I have seen numerous variations on Drew Conway's data science Venn Diagram, but I think Drew still nails it down pretty well. If you can write code, understand statistics, and can apply those skills based on your specific subject matter expertise, to me that meets the threshold of the minimum skills most employers might require for you to do value added work. But these tweets beg the question, for many business problems, do we need algorithms at all, or what kind of people do we really need?

Absolutely there are differences in skillsets required for machine learning vs traditional statistical inference, and I know there are definitely instances where knowing how to set up a Hadoop cluster can be valuable for certain problems. Maybe you do need a complex algorithm to power a killer ap or recommender system.

I think part of the hype and snobery around the terms data science and data scientist might stem from the fact that they are used in so many different contexts and they mean so many things to so many people that there is fear that the true meaning will be lost along with one's relevance in this space as a data scientist. It might be better to forget about semantics and just concentrate on the ends that we are trying to achieve.

I think a vast majority of businesses really need insights driven by people with subject matter expertise and the ability to clean, extract, analyze, visualize, and probably most importantly, communicate. Sometimes the business need requires prediction, other times inference. Many times you may not need a complicated algorithm or experimental design at all, not as much as you need someone to make sense of the nasty transactional data your business is producing and summarize it all with something maybe as simple as cross tabs. Sometimes you might need a PhD computer scientist or Engineer that can meet the strictest of data science thresholds, but lots of times what you really may need is a statistician, econometrician, biometrician, or just a good MBA or business analyst that understands predictive modeling, causal inference, and the basics of a left join.
This is why one recommendation may be to pursue 'data scientists'  outside of some of the traditional academic disciplines assocaited with data science.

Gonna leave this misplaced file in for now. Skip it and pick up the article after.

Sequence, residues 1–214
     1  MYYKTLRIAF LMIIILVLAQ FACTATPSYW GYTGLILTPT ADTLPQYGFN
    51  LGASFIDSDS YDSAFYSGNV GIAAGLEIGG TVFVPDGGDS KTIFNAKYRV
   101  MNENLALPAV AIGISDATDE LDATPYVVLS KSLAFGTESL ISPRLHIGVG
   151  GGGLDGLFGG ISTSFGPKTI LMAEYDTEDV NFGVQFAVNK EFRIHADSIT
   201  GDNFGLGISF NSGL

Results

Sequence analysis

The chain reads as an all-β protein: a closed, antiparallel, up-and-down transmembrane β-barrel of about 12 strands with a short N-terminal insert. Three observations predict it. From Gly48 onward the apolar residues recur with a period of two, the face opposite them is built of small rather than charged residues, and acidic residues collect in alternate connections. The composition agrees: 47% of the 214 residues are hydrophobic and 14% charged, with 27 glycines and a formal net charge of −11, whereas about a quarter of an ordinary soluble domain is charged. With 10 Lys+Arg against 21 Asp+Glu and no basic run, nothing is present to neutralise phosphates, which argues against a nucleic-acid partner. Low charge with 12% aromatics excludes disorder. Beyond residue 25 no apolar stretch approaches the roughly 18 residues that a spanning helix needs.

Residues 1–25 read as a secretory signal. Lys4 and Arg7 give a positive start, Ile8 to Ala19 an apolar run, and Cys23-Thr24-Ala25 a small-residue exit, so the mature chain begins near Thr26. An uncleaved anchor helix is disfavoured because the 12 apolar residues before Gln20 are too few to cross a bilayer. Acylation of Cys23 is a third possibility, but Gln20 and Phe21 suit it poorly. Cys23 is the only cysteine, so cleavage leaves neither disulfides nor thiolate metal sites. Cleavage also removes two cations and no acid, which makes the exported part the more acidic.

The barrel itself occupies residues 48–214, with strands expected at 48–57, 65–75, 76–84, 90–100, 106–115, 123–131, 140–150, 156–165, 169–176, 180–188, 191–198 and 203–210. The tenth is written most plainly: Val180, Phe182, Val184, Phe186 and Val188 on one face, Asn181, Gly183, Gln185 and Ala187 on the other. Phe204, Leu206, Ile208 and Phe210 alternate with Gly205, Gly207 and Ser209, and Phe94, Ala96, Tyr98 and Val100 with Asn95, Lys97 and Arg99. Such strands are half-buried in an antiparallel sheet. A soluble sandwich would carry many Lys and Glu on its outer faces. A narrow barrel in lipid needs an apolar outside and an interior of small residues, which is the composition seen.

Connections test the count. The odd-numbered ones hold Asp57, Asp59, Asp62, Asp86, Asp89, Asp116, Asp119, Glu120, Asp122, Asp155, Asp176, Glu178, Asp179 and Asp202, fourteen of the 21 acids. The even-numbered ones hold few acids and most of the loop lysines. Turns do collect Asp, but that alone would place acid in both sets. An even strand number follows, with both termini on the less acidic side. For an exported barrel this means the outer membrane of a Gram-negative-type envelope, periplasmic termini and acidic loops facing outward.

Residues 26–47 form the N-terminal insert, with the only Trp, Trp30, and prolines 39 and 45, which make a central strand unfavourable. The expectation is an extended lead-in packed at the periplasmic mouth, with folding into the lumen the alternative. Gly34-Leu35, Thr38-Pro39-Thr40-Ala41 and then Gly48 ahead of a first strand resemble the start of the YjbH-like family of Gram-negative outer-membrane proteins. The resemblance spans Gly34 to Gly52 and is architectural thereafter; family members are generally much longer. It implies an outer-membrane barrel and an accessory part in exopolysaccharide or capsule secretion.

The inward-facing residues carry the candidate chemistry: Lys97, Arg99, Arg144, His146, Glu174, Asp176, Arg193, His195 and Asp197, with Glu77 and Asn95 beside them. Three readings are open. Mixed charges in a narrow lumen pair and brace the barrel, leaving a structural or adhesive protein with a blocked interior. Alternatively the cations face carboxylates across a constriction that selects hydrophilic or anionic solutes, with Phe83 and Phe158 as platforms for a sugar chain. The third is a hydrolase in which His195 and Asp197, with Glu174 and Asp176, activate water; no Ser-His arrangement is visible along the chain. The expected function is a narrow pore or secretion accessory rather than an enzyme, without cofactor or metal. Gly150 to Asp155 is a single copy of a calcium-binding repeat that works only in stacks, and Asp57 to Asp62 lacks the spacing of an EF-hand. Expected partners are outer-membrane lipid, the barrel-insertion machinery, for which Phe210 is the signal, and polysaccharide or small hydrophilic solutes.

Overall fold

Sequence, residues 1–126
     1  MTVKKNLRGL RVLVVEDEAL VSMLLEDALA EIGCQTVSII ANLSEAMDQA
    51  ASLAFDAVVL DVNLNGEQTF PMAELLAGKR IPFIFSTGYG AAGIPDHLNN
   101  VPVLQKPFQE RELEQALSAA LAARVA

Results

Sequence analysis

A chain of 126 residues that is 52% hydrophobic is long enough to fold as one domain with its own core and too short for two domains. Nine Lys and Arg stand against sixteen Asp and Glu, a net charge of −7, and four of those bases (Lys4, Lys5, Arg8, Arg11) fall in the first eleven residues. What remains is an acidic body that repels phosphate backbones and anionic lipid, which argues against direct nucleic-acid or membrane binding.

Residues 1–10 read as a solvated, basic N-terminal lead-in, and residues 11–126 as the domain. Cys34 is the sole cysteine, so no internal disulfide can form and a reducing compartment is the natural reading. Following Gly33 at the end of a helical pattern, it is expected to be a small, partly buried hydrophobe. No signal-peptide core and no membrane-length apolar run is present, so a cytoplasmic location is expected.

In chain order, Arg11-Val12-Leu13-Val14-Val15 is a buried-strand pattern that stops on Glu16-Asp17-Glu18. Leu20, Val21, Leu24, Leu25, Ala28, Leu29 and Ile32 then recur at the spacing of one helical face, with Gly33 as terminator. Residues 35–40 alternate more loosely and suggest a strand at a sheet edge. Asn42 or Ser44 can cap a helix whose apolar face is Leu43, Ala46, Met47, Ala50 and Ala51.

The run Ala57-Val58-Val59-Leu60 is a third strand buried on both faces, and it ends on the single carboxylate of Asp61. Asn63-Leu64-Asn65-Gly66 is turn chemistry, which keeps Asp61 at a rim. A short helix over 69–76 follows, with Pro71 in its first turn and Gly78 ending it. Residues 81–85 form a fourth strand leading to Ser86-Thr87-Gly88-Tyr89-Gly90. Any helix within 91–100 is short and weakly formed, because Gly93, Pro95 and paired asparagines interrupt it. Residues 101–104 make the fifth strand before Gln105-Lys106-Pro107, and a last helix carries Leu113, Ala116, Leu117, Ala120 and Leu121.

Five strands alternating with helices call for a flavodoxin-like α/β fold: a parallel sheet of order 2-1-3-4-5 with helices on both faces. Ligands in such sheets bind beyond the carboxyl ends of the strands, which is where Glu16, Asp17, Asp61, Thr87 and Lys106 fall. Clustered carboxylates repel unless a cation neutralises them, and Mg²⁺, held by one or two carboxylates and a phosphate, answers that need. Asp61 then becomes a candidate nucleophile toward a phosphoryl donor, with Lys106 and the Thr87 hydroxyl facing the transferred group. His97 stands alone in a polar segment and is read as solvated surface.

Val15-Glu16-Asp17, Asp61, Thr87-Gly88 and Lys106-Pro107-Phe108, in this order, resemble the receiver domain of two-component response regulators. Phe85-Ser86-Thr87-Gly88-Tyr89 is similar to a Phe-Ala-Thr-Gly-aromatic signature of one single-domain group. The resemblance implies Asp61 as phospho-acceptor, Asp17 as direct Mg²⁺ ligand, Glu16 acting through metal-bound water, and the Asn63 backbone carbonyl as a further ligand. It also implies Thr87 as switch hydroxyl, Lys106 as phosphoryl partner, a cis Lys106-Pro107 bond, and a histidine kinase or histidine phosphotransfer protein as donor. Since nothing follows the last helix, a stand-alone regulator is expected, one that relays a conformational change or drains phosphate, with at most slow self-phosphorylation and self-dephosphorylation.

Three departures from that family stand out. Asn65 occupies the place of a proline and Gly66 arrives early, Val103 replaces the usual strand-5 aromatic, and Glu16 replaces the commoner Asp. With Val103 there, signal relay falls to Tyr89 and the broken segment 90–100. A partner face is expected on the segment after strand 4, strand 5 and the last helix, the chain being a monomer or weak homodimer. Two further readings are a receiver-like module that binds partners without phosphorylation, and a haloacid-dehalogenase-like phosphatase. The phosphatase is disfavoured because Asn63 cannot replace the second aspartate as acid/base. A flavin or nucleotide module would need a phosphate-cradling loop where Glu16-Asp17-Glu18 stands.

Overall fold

There was a similar discussion a couple years ago on the SAS Voices Blog in a post by Tonay Balan titled "Data scientist or statistician: What's in a name?"

"Obviously, there are a lot of opinions about the terminology.  Here’s my perspective:  The rise and fall of these titles points to the rapid pace of change in our industry.  However, there is one thing that remains constant.  As companies collect more and more data, it is imperative that they have individuals who are skilled at extracting information from that data in a way that is relevant to the business, scientifically accurate, and that can be used to drive better decisions, faster.  Whether they call themselves statisticians, data scientists, or SAS users, their end goal is the same."

And really good insight from Evan Stubbs (in the comment section):

"Personally, I think it's just the latest attempt to clarify what's actually an extremely difficult role. I don't think it's synonymous with any existing title (including statistician, mathematician, analyst, data miner, and so on) but on the same note, I don't think it's where we'll finally end up.

From my perspective, the market is trying to create a shorthand signal that describes someone with:

* An applied (rather than theoretical) focus
* A broader (rather than narrow) set of technical skills
* A focus on outcomes over analysis
* A belief in creating processes rather than doing independent activities
* An ability to communicate along with an awareness of organisational psychology, persuasion, and influence
* An emphasis on recommendations over insight

Existing roles and titles don't necessarily identify those characteristics.

While "Data Scientist" is the latest attempt to create an all-encompassing title, I don't think it'll last. On one hand, it's very generic. On the other, it still implies a technical focus - much of the value of these people stems from their ability to communicate, interface with the business, be creative, and drive outcomes. "Data Scientist", to me at least, carries very research-heavy connotations, something that dilutes the applied and (often) political nature of the field. "

One thing is for certain, recruiters might have a better shot at placing candidates for their clients if role descriptions would just say what they mean and leave the fighting over who's a real data scientist to the LinkedIn discussion boards and their tweetstream.